The natural microhabitat of pneumococcus is the human nasopharynx, transmitted mainly through respiratory droplets. Infants and young children are the main reservoir of this agent, although colonised adults may also be used.5S. pneumoniae is not part of the usual vaginal microbiota, being isolated in the vaginal discharge in less than 1% of women,2 meaning that cases of PID by pneumococcus are anecdotal. However, pneumococcus can access the vaginal mucosa due to contamination from the hands or oral-genital sexual practice.6 Some of the factors that favour colonisation are: having an intrauterine device, use of tampons, recent gynaecological surgery and the postpartum, post-abortion and puerperium periods.7 These conditions produce changes in the vaginal pH, temporarily allowing pneumococcus to exist as a commensal microbiota, although it can sometimes be complicated and evolve to peritonitis.8 Other possible routes of access of pneumococcus to the genital tract may be the haematogenous spread and transmural infection through the gastrointestinal tract, which is infrequent since pneumococcus is rarely intestinal commensal. The clinical cases described in the literature agree that the most common form of clinical presentation is abdominal pain with predominance in the hypogastrium, increased vaginal discharge and fever. When PID is suspected, empirical antibiotic treatment based on levofloxacin, ceftriaxone, doxycycline and/or metronidazole should be given to cover the most frequently involved pathogens, and to avoid significant sequelae, as was done in this patient. The detection of pneumococcus and early treatment is necessary, since in many cases it can lead to a serious, complicated and potentially fatal septic event.9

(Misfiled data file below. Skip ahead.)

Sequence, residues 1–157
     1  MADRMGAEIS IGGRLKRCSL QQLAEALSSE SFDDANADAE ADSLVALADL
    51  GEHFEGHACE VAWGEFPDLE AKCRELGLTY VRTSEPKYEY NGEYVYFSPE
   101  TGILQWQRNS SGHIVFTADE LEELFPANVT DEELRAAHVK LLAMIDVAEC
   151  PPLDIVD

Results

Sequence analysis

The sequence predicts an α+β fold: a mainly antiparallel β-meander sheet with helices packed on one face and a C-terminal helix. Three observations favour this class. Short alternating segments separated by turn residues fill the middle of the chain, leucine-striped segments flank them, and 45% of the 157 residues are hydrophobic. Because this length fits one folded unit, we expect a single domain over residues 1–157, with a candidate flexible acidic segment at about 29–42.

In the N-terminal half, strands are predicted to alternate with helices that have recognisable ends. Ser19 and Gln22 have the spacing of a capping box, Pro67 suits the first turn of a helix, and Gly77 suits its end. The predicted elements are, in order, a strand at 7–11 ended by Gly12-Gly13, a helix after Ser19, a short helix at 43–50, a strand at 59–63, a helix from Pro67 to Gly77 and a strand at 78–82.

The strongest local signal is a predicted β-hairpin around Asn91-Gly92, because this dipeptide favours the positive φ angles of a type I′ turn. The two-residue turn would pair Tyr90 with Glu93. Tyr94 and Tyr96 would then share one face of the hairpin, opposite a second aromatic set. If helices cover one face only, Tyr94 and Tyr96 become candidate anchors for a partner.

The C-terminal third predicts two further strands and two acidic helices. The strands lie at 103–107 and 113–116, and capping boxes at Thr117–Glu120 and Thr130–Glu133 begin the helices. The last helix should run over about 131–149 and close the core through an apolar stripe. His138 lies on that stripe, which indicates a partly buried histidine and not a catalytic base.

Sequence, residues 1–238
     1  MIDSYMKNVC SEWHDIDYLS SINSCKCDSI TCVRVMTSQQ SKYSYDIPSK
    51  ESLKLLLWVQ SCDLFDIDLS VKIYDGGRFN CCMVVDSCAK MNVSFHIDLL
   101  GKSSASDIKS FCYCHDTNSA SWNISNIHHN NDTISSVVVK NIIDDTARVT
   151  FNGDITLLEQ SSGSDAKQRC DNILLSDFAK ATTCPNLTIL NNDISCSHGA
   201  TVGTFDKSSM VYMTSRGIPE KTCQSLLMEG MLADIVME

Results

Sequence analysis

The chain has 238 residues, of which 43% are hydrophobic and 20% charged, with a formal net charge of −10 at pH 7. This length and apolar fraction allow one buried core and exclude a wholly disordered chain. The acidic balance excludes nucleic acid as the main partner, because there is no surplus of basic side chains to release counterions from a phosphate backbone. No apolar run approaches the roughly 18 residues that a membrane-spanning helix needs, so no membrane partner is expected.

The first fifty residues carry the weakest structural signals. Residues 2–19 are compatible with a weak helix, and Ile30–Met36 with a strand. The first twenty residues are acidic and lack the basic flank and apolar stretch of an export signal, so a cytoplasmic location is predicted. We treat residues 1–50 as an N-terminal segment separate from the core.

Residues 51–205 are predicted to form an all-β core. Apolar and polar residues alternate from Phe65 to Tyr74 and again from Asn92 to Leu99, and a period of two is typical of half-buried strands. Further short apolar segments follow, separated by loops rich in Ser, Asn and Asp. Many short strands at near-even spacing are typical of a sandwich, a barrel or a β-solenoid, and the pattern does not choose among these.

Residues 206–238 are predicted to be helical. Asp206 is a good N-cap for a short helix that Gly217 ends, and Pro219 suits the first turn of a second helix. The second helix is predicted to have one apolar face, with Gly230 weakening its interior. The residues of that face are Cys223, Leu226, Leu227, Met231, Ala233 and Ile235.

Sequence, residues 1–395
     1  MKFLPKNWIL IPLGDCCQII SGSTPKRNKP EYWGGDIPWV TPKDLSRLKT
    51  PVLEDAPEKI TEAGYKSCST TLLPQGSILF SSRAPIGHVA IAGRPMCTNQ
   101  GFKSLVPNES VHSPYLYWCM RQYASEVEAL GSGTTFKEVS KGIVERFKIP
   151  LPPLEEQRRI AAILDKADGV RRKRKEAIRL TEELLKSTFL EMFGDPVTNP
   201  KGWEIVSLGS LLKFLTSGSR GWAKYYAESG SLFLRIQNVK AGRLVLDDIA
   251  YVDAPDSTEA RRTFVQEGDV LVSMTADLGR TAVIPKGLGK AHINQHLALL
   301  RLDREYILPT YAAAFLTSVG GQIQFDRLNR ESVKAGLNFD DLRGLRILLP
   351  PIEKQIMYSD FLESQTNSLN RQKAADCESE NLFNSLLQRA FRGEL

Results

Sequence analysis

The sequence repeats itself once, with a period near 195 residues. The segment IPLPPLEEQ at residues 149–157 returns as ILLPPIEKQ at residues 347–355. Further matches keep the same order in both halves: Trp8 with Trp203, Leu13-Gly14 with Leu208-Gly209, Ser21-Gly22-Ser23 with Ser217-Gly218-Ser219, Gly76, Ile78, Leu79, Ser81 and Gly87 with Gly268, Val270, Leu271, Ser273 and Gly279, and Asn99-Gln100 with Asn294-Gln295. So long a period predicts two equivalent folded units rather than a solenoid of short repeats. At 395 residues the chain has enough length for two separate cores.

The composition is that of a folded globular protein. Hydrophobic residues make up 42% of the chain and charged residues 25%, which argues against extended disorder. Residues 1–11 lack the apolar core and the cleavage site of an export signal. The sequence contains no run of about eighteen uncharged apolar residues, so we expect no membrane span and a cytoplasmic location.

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Please cite this article as: Garrido-Jareño M, Monzó-Fabuel S, Gil-Brusola A, Acosta-Boga B. Enfermedad pélvica inflamatoria por Streptococcus pneumoniae. Enferm Infecc Microbiol Clin. 2018;36:252–253.

Copyright © 2017. Elsevier España, S.L.U. and Sociedad Española de Enfermedades Infecciosas y Microbiología Clínica